Hera Lindsay Bird is the winner of the 2017 Poetry Prize.
Hera Lindsay Bird debut self-titled collection Hera Lindsay Bird was published in 2016 with Victoria University Press; it has been reprinted many times, and is currently on the shortlist for the Ockham New Zealand Book Awards.
- Other Finalists -
Sandi King: based in the Hutt Valley has published in a number of journals and websites including 4th Floor, Blackmail Press, JAAM, Renee’s Wednesday Busk, Snorkel and takahe.
In 2013 three of King’s poems were highly commended in the Caselberg Trust Prize, the New Zealand Poetry Society Competition and takahē Poetry Competition. In 2015 her poem ‘Timing’ took first place in the Upper Hutt Poetry Competition. The most recent publication to include her work is the book Poetical Bridges/Poduri Lirice (2017), a collection of New Zealand poetry translated into Romanian, and Romanian poetry translated into English, created by Valentina Teclici.
Cliff Fell: author of three books of poems, The Good Husbandwoman’s Alphabet (illustrated by Fiona Johnstone, Last Leaf Press, 2014), Beauty of the Badlands (Victoria University Press, 2008) and The Adulterer’s Bible (Victoria University Press, 2003). The Adulterer’s Bible was awarded the 2002 Adam Prize in Creative Writing and the 2004 Jessie Mackay Prize for Best First Book of Poetry. Other poems have appeared in the online anthology Best New Zealand Poems and in various New Zealand and overseas publications. He has been a regular contributor to the RNZ National Nights programme, talking about poetry.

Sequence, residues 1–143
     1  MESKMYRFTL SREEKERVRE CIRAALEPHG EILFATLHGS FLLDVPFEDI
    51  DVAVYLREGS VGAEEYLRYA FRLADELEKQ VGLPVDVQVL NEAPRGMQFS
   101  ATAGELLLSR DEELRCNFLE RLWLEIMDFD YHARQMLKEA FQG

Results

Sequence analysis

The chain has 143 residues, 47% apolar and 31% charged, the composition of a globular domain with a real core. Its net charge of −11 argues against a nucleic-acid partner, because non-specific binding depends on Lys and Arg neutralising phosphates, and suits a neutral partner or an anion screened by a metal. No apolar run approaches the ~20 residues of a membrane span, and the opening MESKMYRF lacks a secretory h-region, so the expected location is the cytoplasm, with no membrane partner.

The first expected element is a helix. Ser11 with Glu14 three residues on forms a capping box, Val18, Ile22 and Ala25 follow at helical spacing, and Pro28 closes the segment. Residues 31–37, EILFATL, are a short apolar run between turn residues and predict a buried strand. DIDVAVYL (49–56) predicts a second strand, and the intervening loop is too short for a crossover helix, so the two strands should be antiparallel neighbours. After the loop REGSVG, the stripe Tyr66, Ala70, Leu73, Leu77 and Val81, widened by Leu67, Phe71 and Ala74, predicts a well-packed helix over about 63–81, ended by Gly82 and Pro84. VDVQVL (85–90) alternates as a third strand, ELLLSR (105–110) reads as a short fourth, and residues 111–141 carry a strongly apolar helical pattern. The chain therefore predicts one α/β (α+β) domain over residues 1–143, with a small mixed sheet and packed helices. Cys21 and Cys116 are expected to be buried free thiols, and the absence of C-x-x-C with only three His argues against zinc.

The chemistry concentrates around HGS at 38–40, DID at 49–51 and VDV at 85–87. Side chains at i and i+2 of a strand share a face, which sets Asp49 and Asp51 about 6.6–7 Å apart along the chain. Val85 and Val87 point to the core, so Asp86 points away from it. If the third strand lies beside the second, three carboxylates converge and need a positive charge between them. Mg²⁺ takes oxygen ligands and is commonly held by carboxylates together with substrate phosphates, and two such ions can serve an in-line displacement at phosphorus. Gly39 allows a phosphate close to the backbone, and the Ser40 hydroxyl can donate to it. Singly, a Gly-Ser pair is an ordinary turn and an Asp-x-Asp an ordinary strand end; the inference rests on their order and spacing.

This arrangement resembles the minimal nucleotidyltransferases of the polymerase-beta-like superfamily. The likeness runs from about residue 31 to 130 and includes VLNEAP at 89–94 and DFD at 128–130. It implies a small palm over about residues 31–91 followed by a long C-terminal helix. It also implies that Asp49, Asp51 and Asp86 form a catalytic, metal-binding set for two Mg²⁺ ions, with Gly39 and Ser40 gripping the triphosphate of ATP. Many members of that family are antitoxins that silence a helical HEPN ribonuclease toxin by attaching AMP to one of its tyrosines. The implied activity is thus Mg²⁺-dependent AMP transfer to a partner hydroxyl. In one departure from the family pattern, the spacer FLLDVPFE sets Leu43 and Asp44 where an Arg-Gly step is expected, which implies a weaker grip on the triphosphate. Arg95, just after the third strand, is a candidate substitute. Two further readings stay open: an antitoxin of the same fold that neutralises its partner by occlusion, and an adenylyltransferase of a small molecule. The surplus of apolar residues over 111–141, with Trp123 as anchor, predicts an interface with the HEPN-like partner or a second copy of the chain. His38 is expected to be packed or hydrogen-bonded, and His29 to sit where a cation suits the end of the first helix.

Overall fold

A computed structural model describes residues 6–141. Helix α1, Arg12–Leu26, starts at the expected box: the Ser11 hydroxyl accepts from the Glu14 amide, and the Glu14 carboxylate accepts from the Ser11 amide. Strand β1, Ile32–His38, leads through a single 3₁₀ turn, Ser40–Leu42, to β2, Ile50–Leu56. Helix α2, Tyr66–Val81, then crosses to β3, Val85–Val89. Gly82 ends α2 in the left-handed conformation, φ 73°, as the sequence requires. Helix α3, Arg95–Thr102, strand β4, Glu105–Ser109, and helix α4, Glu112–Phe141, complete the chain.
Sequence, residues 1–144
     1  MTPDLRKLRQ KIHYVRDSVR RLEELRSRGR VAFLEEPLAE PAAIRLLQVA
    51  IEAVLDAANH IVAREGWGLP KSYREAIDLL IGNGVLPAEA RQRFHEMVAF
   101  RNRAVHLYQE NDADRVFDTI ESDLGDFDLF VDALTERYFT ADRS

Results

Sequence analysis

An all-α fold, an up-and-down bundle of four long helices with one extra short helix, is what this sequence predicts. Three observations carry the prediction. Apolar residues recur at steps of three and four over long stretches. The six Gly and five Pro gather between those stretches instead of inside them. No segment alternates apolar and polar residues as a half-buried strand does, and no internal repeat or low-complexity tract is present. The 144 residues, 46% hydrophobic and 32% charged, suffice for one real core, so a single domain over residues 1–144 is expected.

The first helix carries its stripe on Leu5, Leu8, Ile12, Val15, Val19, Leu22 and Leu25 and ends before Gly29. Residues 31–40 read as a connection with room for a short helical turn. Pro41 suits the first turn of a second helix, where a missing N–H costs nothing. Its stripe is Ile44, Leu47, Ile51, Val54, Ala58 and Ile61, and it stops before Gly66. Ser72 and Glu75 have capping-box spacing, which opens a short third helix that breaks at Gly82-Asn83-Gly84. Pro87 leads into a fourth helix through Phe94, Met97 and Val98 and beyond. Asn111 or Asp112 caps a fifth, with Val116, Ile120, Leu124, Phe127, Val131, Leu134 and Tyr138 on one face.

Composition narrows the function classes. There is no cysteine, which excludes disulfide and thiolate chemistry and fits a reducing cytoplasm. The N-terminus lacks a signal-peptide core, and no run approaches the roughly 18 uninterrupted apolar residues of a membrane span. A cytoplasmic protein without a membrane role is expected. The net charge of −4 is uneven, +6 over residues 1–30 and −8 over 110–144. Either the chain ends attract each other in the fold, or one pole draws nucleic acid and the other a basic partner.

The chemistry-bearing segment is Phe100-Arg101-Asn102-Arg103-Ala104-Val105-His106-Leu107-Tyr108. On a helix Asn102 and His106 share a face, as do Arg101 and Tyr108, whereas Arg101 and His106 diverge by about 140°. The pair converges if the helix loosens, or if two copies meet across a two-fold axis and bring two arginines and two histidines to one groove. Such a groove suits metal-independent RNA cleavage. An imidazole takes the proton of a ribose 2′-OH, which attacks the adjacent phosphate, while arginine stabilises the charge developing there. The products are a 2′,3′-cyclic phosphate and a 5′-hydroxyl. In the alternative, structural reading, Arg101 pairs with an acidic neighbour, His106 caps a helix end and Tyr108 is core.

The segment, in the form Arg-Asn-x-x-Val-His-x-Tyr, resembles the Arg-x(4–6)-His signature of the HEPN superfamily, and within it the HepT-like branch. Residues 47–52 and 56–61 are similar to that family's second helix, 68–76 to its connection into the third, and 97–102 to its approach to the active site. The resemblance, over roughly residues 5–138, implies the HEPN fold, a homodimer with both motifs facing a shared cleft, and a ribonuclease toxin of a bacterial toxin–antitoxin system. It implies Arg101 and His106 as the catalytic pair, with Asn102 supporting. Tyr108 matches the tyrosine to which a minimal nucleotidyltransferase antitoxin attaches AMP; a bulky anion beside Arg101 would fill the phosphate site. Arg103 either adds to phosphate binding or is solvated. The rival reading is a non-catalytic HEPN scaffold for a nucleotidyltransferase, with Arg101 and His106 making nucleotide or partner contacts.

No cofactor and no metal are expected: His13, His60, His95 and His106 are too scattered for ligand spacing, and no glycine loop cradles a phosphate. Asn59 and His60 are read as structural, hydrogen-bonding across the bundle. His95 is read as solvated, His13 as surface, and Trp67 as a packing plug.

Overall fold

2017 Guest Judge
Carol Ann Duffy
Carol Ann Duffy is a Scottish poet and playwright. She is a professor of contemporary poetry at Manchester Metropolitan University, and was appointed Britain’s Poet Laureate in May 2009, resigning in 2019. She is the first woman, the first Scot, and the first openly gay or bisexual poet to hold the position.
Her collections include Standing Female Nude (1985), winner of a Scottish Arts Council Award; Selling Manhattan (1987), which won a Somerset Maugham Award; Mean Time (1993), which won the Whitbread Poetry Award; and Rapture (2005), winner of the T. S. Eliot Prize. Her poems address issues such as oppression, gender, and violence in an accessible language that has made them popular in schools.
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“Every good poem asks a question, and every good poet asks every question.”
– Dorianne Laux